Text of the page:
Signature: N. Fritz

Female Emperor Moth

Dear N. Fritz,
A catchy subject line is always the best way to get our attention and to stand out from much of the chaff we receive, and your “magical creature” reference immediately caught our attention.  This is a female Emperor Moth in the genus
Saturnia.  It might be Saturnia pavonia, a species pictured on Moths of Europe where it states:  “Female Emperor moths possess an organ at the tip of their abdomen from which they disseminate pheromones to attract the day-flying males. A single freshly emerged female can attract as many as 70 males, which can detect the pheromones from distances of a kilometre or more away, using their strongly pectinated antennae as “radar” to home in on the female.  The females are heavily laden with eggs so are unable to fly very far, and after mating lay most of their eggs very near the spot where they emerge. After laying 100 or so eggs they have lightened their load sufficiently to enable them to fly, but unlike the males they fly by night. It takes them about 2-3 days to complete egg laying.  Neither sex has a proboscis, so the moths are unable to feed, and only live until their body fats are exhausted – i.e. about 4 or 5 days.”  The Saturniidae of the Western Palaearctic also has information on the Small Peacock Moth.  A similar looking larger species found in Europe is the Giant Peacock Moth, Saturnia pyri, which is pictured on Saturniidae of the Western Palaearctic where it states:  “Most adults emerge in the late morning, with females calling that same night, often from the base of trees up which they have climbed. Pairing takes place just before midnight and lasts for about 22 hours. After separation, the male flies off in search of another mate. If possible, the female climbs to the highest vantage point possible before launching herself clumsily towards the nearest shadow on the horizon which, often as not, is a tree. The reason for this strange behaviour is that most females carry too many eggs at first and are ‘bottom-heavy’. This stop-start process continues until about 30 eggs have been deposited, usually in chains of five to eight on the trees’ branches or trunk. The rest of the eggs are laid on the leaves and twigs of suitable hosts.”  We will try to get exact species confirmation from Bill Oehlke.  Meanwhile, since you rescued this magical creature from stomping feet in the station and put her on a tree where she may attract a mate, we are tagging this posting with the Bug Humanitarian Award.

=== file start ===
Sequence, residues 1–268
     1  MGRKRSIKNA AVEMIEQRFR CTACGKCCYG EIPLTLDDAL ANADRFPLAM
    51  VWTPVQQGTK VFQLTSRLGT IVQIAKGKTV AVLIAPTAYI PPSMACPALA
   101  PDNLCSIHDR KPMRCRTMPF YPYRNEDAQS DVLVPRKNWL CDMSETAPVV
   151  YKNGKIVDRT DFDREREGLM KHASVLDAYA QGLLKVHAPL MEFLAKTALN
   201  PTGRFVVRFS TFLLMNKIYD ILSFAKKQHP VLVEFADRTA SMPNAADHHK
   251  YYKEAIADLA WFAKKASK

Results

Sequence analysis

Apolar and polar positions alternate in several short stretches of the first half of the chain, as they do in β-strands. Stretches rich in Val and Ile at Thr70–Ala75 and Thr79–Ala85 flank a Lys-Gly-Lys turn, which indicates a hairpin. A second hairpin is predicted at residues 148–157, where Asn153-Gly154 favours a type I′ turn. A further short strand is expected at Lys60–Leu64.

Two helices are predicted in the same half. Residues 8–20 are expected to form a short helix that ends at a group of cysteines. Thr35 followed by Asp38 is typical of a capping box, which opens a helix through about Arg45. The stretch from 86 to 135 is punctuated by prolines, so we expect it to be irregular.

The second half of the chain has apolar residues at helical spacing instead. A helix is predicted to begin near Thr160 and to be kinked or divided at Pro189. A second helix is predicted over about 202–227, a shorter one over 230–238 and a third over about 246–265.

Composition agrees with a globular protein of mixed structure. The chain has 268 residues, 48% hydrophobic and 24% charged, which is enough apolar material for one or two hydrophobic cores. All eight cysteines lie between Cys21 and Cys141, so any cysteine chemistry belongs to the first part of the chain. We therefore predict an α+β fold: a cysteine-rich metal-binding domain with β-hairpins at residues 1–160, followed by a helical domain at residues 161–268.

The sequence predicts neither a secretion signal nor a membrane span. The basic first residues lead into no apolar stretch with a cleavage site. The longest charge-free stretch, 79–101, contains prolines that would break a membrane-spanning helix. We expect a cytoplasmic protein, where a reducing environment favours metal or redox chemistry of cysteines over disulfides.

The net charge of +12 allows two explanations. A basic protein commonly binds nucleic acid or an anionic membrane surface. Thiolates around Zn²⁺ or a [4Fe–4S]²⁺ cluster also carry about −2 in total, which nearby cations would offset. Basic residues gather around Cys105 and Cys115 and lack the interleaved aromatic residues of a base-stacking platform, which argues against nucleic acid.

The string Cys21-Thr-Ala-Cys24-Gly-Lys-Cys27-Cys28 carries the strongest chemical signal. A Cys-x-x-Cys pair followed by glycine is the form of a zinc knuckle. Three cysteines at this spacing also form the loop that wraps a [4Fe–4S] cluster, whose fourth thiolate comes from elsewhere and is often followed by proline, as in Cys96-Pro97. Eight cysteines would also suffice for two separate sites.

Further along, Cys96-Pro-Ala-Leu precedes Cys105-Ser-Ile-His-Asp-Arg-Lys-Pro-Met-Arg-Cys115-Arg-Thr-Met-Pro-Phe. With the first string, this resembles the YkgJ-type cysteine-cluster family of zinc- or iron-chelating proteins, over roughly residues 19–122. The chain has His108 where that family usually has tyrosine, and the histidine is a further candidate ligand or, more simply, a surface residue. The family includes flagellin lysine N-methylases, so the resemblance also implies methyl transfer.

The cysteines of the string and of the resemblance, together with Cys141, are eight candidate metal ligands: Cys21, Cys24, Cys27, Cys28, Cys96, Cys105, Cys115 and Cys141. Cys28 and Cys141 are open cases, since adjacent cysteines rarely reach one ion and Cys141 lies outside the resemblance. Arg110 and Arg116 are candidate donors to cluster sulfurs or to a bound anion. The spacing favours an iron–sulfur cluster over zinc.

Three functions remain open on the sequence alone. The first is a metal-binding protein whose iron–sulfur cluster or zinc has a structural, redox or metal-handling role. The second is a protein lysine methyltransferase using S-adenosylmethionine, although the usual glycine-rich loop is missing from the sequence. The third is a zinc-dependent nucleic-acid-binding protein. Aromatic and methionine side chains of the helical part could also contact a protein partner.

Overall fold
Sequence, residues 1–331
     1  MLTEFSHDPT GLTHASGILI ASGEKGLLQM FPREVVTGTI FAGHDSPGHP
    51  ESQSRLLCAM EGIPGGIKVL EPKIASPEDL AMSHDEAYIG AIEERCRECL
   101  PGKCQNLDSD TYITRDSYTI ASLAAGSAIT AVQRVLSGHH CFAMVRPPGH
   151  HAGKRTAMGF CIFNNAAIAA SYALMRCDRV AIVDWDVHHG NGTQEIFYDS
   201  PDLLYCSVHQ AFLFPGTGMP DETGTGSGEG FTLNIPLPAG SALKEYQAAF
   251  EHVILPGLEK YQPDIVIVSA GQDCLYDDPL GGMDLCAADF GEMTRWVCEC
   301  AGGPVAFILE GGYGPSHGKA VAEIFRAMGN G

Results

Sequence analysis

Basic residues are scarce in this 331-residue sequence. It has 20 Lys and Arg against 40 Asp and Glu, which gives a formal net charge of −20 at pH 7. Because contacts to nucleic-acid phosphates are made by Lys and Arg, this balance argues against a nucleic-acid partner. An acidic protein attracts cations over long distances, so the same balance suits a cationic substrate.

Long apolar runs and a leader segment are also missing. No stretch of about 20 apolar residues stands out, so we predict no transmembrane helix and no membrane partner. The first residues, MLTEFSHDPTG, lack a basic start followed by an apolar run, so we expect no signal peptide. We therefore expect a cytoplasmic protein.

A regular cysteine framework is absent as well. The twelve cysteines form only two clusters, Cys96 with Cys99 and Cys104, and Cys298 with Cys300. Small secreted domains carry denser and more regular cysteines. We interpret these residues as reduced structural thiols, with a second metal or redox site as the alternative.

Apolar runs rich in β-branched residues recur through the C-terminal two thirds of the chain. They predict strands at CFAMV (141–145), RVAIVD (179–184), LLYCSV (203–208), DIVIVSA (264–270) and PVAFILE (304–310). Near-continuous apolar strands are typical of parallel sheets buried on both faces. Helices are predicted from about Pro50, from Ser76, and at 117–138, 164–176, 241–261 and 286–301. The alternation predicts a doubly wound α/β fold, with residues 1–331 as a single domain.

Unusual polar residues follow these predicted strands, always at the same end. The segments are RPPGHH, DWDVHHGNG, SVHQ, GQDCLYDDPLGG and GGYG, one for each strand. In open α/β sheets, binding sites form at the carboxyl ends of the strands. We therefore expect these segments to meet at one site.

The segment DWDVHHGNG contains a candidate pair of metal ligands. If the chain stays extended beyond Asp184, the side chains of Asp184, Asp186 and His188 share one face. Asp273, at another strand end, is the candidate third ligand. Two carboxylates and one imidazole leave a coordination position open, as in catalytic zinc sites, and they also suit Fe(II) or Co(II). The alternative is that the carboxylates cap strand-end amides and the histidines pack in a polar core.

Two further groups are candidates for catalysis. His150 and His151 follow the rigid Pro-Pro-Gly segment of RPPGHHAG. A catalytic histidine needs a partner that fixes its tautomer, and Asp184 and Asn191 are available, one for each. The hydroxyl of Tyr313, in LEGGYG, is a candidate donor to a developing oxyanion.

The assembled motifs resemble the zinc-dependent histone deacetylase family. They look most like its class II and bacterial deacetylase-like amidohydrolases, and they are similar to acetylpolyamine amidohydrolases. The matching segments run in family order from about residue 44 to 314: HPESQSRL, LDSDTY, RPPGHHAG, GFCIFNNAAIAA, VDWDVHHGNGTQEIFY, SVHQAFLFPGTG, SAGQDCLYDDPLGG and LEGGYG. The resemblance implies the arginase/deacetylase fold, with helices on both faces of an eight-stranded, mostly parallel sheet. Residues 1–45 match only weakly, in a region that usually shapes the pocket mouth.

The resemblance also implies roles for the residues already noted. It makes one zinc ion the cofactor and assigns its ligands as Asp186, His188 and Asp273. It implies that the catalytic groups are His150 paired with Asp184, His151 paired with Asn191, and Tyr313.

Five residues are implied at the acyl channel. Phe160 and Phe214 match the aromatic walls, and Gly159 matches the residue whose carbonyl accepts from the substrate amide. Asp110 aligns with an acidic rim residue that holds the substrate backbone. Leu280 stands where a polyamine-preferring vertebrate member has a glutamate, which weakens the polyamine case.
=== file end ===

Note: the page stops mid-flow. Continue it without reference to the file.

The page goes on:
Emperor Moth

Dear Daniel,
I’m honored to be a bug humanitarian! Somehow I intuitively knew to put this beauty on a tree. Thanks for posting the pix to What’s That Bug? and for enlightening me on the mating habits of emperor moths!
N. Fritz

Subject: Caterpillar???
Location: Melbourne, Victoria (Australia)
March 21, 2017 10:36 pm
Me and my sister found this strange caterpillar thing outside. Lately we’ve been having very rainy and humid weather so I don’t know if that caused it’s appearance?
We’d love to know what it is!
Thanks!
Signature: Bridget

Sawfly Larva

Dear Bridget,
This is a Sawfly Larva and it is very easy to confuse a Sawfly Larva for a Caterpillar, but instead of maturing into a butterfly or moth, it will mature into a non-stinging relative of bees and wasps.  We cannot currently access our main “go to” website for Australian identifications, Brisbane Insects, but this does look like a Longtailed Sawfly larva we have in our archives.

Sawfly Larva